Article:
you, please call us anytime. Toll free and shown to a classroom full of 30
(177) 533-3117. Erin and Tim. local doctors and residents in the
front ofthe plane.He also performed
Horoscope_ five surgical operations in the local
I I I I * eye hospital, with local doctors and
nurses present to observe how to
perform new techniques.
During free time in the after-
SCORPIO noons, Monte and the three doctors
(Oct. 23 to Nov. 21) gave lectures pertaining to their
Because you're gung-ho to get a lot specialties. While Monte taught
done, make big plans. Give yourself the
right tools and support equipment to do a about pediatric eye muscle prob-

ing on the ups and downs of the mar-
kets - acrucial componentfor annual
budgeting in an academic setting.
When asked why he decided to
institute a longer rolling payout,
Lundberg said he saw the period
of high returns before the onset of
the financial crisis as an opportu-
nity to be proactive and protect the
endowment for the future.
"In good times, you get very
large increases year over year in
spending, and then when markets
go down you have (spending) cuts
the following year - we saw some
of that in the tail end of the tech
bubble (in 2000 and 2001)," he
said. "And so finding an opportu-
nity to make the change is when
the markets go up, because you
will have an increase in spending
anyways, and then you can take
action then.
"You know," he added, "just kind
of being proactive."
More than anything, the Uni-
versity's rolling payout has shield-
ed the school from the painful
budget cuts taking place at other
prominent colleges and universi-
ties, many of which, like Texas
Tech University and the Univer-
sity of Texas at Austin, use three-
year rolling payouts to calculate
their endowment payouts.
Still, like many other college
and university endowments, the
University's will surely end the
2009 fiscal year having suffered
significant losses across all its
assets.
And only when credit begins to
flow more freely in the global finan-
cial markets will endowment per-
formances pick up once again.
lems, other specialists discussed
glaucoma and retina diseases.
Monte's son, Derek del Monte,
also volunteered on the medical
mission. A University undergradu-
ate and Medical School alum, Derek
volunteered onthemissionas aresi-
dent physician.Besides helping with
pre-op and post-op care, Monte
taught the local doctors Western-
style cataract surgery techniques
using donated pigs' eyes.
Derek said he loved working
with his father and watching the
joy it brought him to help others.
"In medicine, a lot of who you
become istherolemodelsyouhave,"
Derek said."I think he's an excellent
role model. He's making me into the
doctorI hope to be one day."
TheelderMonte alsovolunteered
with the Flying Eye Hospital last
spring when he traveled to Da Nang,
Vietnam along with nine other doc-
tors from Big Ten schools.
He said his work helps build a
global prospective for the Univer-
sity and contributes to the global
reach program which encourages
medical students and faculty to do
international work.
"It also provides for me an oppor-
tunity to learn how medical care is
delivered in Peru, and before then
Vietnam, and before that Spain and
all over the world," Monte said. "I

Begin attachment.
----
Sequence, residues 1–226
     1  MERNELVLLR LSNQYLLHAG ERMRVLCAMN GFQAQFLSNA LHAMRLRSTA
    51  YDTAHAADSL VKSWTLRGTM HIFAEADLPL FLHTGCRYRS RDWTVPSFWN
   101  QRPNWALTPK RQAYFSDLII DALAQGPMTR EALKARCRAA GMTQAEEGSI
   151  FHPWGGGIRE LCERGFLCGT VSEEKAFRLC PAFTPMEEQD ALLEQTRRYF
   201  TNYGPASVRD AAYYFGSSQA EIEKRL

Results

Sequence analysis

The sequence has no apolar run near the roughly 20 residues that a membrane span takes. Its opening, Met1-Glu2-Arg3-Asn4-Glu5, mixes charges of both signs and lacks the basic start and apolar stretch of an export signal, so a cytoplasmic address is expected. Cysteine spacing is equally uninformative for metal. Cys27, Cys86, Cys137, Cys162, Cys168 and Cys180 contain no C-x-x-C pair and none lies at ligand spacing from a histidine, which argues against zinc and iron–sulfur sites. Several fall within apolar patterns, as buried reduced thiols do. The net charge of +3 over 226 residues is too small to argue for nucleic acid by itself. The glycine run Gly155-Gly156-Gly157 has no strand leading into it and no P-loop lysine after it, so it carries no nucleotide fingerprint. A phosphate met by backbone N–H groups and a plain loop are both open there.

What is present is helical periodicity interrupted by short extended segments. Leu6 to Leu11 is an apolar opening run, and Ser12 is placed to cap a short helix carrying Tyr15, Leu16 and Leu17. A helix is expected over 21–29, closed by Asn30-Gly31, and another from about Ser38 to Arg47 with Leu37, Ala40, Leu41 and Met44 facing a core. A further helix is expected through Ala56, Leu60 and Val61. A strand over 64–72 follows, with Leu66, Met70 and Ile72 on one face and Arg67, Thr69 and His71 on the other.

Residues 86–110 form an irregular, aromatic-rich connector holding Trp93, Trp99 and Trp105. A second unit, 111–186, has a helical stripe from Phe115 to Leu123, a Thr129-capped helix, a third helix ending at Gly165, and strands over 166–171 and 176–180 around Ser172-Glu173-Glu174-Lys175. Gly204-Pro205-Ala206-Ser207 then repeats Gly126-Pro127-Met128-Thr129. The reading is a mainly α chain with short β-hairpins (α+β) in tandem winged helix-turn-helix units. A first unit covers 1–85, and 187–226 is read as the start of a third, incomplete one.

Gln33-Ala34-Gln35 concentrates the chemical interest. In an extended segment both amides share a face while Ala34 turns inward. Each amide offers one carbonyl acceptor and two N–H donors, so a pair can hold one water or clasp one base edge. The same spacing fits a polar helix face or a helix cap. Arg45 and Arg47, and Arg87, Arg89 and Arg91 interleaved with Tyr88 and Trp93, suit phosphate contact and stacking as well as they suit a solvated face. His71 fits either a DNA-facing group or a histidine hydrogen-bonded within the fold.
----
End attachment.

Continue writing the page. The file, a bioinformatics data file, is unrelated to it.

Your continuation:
can bring some of their ideas back
and help with the teaching of our
residents."
He said it's also important to
participate in medical missions and
help those who don't have access to
good medical care like people do in
the United States.
"In these developing countries
there's nobody else that can do this
(kind of work)," Monte said, "and if
I didn't go there, or somebody like
me, these patients would never get

these kind of blindness-prevent-
ing surgeries or the local doctors
wouldn't learn how to do (proce-
dures) on future patients."

For Friday, March 20, 2009
ARIES
(March 21 to April 19)
Finally! It's your turn to recharge your
batteries for the rest of the year. In the
next four weeks, put yourself first. Yay
me!
TAURUS
(April 20 to May 20)
Because your birthday is just a month
away, give yourself some private
moments to think about what you want
your new year (birthday to birthday) to
be all about. What do you want to hap-
pen?
GEMINI
(May 21 to June 20)
The next six weeks are unusually pop-
ular for you. Join classes, clubs and
organizations. Accept all invitations.
Enjoy the company of others.
CANCER
(June 21tto July 22)-
This is the only time all year when the
Sun acts like a spotlight on you. This is
why others, especially important people,
notice you.
LEO
(July 23 to Aug. 22)
In the month ahead, grab every oppor-
tunity to travel and explore new ideas,
new places and meet new faces. You're
hungry for adventure!
VIRGO
(Aug. 23 to Sept. 22)
You're going to feel passionately
intense about many things in the next
month. This includes shared property as
well as hot and heavy romance.
LIBRA
(Sept. 23 to Oct. 22)
Get more sleep in the coming month,
because the Sun is now far away from
your sign. Because it is the source of
energy, you need more rest and healthy
food.

bang-up job. You can become better
organized in the next six weeks..
SAGITTARIUS
(Nov. 22 to Dec. 21)
What a fun-loving month ahead to
look forward to! Plan for a vacation.
Enjoy sports activities, playful times
with children, the arts, movies, music
and love and romance!
CAPRICORN
(Dec. 22 to Jan. 19)
Your attention now turns to home,
family and real estate matters.
Discussions with parents or family
members could be significant in the
month ahead.
AQUARIUS
(Jan. 20to Feb. 18)
Fasten your seatbelt! The next six
weeks will be full of short trips, running
errands, talking to neighbors and rela-
tives, plus increased reading and writing.
PISCES
(Feb. 19 to March 20)
Because you're focused on earnings
and your possessions and your assets in
general, you want to feel on top of
things. You'll likely feel attached to
something you own.
YOU BORN TODAY Many of you
are unusually talented and gifted. You
can explore the arts; nevertheless, you
also have a logical, rational, scientific
mind. You're both dreamy and realistic.
Many of you are drawn to music (song
and dance). It takes a while to find your
niche in the world. Make sure you allow
enough time in the coming year to study
and learn something important.
Birthdate of: Kathy Ireland, model;
SpikeLee, film director; David Thewlis,
actor.

One shy young man
discovers that virtue
rewarded unexpectedly
leads to a night of
adventure, with
hilarious consequences.

A comic opera in three acts
Music by Benjamin Britten - Libretto by Eric Crozier
University Opera Theatre - Directed by Robert Swedberg
University Philharmonia Orchestra conducted by Israel Gursky
Sung in English with supertitles
Mar. 19at7:30pm-Mar. 20 & 21 at 8pm
Mar. 22 at 2pm.Mendelssohn Theatre
Tickets $24 and $18 . Students $9 with ID
League Ticket Office- 734-764-2538 . www.music.umich.edu

a 2009 King Features Syndicate, Inc.